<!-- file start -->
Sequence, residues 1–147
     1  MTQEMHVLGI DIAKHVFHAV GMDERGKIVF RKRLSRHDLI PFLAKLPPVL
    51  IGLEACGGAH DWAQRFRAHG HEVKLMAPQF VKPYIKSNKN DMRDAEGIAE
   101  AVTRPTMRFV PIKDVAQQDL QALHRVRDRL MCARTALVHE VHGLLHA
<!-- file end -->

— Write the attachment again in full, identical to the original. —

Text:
Sequence, residues 1–147
     1  MTQEMHVLGI DIAKHVFHAV GMDERGKIVF RKRLSRHDLI PFLAKLPPVL
    51  IGLEACGGAH DWAQRFRAHG HEVKLMAPQF VKPYIKSNKN DMRDAEGIAE
   101  AVTRPTMRFV PIKDVAQQDL QALHRVRDRL MCARTALVHE VHGLLHA